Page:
Whether you go all-in for every party or you consider it a badge of honor to ignore the big race, if you live in Louisville, you have opinions about the Kentucky Derby. Le Petomane Theatre Ensemble celebrates Louisville’s season of pageantry and parties with “A Derby Carol,” a rousing send-up of the most exciting two weeks and two minutes in our city’s year that could easily become an annual tradition to rival the Charles Dickens classic it lampoons.
“A Derby Carol” opens tonight at The Bard’s Town (1801 Bardstown Rd.), where it runs through April 29.
Structured as a parody of Charles Dickens’ “A Christmas Carol,” ghosts of Derbies past, present and yet-to-come are dispatched to teach Scrooge (Gregory Maupin) how to regain his lost love for the race and festivities. Several original musical numbers explore Derby mythos, from a big opening “Call to the Post” number to a rousing final-act musical recitation of the past Derby winning horses and their glorious names.
The plot unfolds with a wink to the Dickens template, but the details are delightfully skewed. Scrooge, who has come to detest Derby season, is modeled on and styled as the late writer and Louisville native Hunter S. Thompson, author of the classic gonzo essay “The Kentucky Derby Is Decadent and Depraved.” The ghosts include Colonel Sanders as the Spirit of Derby Past, who takes the hero up into a hot air balloon to observe his past revelries from the air.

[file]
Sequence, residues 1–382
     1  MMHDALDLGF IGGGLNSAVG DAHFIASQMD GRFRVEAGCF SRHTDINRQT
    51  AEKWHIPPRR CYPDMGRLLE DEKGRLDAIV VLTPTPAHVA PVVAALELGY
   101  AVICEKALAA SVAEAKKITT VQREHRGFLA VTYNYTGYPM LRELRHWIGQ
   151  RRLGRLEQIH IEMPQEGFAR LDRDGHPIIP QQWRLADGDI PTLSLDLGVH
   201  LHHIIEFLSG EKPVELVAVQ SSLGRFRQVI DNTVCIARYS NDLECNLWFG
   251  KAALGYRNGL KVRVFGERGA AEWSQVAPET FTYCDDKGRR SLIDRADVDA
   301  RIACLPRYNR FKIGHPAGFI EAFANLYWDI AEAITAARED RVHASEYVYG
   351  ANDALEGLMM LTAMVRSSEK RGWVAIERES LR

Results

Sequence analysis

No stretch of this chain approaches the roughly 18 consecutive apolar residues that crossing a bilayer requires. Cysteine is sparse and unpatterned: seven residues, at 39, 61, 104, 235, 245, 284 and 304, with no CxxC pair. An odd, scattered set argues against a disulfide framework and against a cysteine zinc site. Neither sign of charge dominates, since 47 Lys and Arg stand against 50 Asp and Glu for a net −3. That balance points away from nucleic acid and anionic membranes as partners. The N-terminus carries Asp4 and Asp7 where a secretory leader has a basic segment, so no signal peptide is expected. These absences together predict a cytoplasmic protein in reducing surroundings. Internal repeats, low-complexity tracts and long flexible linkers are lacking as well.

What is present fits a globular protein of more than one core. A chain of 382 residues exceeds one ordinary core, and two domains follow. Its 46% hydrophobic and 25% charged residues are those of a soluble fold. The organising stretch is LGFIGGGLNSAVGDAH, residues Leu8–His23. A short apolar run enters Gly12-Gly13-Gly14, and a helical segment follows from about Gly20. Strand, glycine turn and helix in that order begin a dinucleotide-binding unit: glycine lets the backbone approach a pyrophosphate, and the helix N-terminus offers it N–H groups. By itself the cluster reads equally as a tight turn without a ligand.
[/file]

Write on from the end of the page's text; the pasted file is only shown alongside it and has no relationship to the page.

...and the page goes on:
Recurring characters are a demented mash-up of real Derby celebrities and Dickens characters. Tony Dingman’s front-lawn parking lot entrepreneur is also, somehow, a Victorian urchin. Kristi Rolape plays both socialite gala hostesses, the Stablemint Twins, at once – she splits her make-up and wardrobe in half, portraying an evil twin with the right side of her body and face, and the good twin on the left.
Abigail Bailey Maupin portrays Tiny Tim as a starving jockey (“Where Is Lunch?”). Stock characters also abound, notably Heather Burns as a reality television celebrity party guest famous for doing nothing and a delusional Derby Princess, and Kyle Ware as a beer-guzzling “Infielder” who crashes the gala with a scorching musical number.
Le Petomane Theatre Ensemble comprises six performers who write, direct, compose, choreograph and design each show together. The Le Petomane process is highly idiosyncratic and ephemeral – they work from notes, not a full script, and they are often creating all of the elements of a scene, from dialogue to set design, at once. In a lesser company, that could be a recipe for disaster, but Maupin, Bailey Maupin, Dingman, Burns, Ware and Rolape all bring years of professional acting and directing experience, classical training and a finely-honed understanding of each others’ strengths to the stage.
“A Derby Carol” is full of jokes only locals could write, with plenty of laughs for Derby fans and foes alike. Outsiders wouldn’t be close enough to the source material to give the show its teeth–bulimic jockey jokes, “So-and-So’s Louisville” banners, inarticulate locals celebrating when “famous people said words to me!” But the funny bits are filtered through literary allusions and the straight-faced classic weirdness (grotesque masks, mismatched toy props, surreal movement numbers) that is pure Le Petomane, with a strange and beautiful heart beating behind the yuks. And true to the source and to holiday spirit (spoiler alert!), Gonzo Scrooge finally repents, buys a festival pin, and resolves to keep the Derby spirit in his heart all year long.